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Blatter may seek to stay as Fifa boss, source tells Swiss paper

[GENEVA] Sepp Blatter may seek to stay on as the president of world soccer organisation FIFA, a Swiss newspaper reported on Sunday, less than two weeks after Blatter resigned over a major corruption scandal at the organisation.

Mr Blatter is under pressure to step down for good as US and Swiss authorities widened their investigations into bribery and corruption at the sport's global governing body. EU lawmakers are among those calling for his immediate departure.

But according to the Schweiz am Sonntag newspaper, Mr Blatter had received messages of support from African and Asian football associations, asking him to rethink his decision to step down.

Mr Blatter was honoured by the support and had not ruled out remaining in office, the newspaper said, citing an anonymous source close to him.

Mr Blatter said on June 2 he would step down as FIFA president in the wake of the corruption investigation, having led soccer's world governing body since 1998.

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Fifa, in an emailed statement, referred Reuters to the speech Blatter made on June 2 and said they had "no further comment to make".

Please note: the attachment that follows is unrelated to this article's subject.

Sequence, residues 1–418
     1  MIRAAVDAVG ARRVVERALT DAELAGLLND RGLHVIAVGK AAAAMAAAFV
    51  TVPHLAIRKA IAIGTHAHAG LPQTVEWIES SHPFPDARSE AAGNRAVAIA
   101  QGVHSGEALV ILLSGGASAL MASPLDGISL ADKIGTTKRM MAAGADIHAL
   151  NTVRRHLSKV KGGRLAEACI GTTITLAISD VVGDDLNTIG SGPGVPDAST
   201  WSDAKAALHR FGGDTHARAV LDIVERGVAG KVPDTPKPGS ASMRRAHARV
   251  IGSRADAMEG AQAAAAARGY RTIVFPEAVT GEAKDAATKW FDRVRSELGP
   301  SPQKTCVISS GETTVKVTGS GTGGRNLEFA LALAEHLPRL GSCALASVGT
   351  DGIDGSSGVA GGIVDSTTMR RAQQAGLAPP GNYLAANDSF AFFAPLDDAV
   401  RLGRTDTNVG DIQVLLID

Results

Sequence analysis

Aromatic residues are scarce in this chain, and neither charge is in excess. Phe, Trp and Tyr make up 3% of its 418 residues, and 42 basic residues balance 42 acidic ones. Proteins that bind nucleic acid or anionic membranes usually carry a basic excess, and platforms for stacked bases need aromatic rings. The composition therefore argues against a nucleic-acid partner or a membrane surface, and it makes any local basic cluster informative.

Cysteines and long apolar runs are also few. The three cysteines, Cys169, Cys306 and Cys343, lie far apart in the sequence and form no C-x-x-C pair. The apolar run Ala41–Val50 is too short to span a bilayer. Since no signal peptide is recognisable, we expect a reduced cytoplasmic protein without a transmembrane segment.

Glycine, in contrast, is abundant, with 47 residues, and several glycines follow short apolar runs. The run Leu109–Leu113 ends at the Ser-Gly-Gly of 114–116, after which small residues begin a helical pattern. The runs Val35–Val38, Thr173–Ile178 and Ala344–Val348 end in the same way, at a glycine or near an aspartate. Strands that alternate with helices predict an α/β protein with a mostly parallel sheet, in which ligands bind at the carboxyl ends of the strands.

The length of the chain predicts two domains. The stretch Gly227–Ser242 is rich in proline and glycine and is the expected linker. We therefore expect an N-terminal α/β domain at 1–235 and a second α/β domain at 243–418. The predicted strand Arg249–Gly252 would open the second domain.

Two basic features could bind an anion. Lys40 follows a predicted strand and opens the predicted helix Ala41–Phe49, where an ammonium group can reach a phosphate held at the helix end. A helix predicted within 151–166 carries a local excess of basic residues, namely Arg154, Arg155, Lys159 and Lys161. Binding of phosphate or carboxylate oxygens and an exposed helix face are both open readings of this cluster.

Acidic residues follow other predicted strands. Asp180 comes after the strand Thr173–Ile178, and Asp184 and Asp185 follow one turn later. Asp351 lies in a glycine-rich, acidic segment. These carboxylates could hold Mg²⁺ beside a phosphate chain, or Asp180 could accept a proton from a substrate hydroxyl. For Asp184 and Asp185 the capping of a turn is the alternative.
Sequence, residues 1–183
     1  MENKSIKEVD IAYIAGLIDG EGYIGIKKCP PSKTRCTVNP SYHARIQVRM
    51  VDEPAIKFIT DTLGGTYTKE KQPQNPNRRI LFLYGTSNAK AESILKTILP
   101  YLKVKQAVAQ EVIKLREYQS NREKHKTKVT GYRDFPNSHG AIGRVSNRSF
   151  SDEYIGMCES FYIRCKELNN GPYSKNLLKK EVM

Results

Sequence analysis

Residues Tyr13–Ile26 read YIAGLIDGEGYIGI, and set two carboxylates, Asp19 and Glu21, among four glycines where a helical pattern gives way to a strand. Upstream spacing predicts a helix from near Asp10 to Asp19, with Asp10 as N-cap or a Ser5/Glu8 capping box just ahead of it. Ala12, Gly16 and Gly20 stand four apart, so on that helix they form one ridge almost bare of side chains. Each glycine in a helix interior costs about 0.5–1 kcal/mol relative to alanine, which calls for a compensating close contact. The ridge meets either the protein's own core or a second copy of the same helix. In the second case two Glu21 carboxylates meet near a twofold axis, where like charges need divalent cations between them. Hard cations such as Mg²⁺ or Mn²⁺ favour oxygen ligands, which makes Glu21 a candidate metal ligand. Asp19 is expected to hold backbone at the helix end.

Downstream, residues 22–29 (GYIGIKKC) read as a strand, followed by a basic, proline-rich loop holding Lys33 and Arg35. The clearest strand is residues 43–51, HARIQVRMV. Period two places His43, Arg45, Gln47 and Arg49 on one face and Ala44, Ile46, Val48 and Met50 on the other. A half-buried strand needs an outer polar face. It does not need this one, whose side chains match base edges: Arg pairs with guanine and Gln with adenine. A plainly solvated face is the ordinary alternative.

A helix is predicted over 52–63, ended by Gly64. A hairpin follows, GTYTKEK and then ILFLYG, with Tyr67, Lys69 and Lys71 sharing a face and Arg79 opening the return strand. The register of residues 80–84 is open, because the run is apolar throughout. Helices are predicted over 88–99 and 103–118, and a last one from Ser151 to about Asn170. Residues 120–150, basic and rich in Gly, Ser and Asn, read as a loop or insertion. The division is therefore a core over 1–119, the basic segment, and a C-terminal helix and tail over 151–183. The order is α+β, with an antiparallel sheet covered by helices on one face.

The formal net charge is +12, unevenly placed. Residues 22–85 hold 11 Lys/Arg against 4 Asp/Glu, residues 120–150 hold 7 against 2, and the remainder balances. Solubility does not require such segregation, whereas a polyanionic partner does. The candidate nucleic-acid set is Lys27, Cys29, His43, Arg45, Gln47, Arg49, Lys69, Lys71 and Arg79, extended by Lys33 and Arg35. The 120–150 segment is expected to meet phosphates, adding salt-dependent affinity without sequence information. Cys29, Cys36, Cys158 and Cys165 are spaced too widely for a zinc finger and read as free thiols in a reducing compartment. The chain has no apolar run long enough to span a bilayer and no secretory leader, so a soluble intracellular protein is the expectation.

In his speech, Mr Blatter said: "I have decided to lay down my mandate at an extraordinary elective Congress. I will continue to exercise my functions as Fifa President until that election." He also added: "Since I shall not be a candidate, and am therefore now free from the constraints that elections inevitably impose, I shall be able to focus on driving far-reaching, fundamental reforms that transcend our previous efforts." However, Mr Blatter has changed his mind in the past. When he began his fourth mandate in 2011, he said it would be his last, but he later backed down, stood again and was re-elected in May.

Fifa is expected to pick his replacement at an extraordinary congress in Zurich between December and February.

Mr Blatter's renewed interest in the job was also a reason for the departure of Walter de Gregorio as Fifa's director of communications, since he had argued for a completely new start and advised Mr Blatter to go, the Swiss newspaper said.


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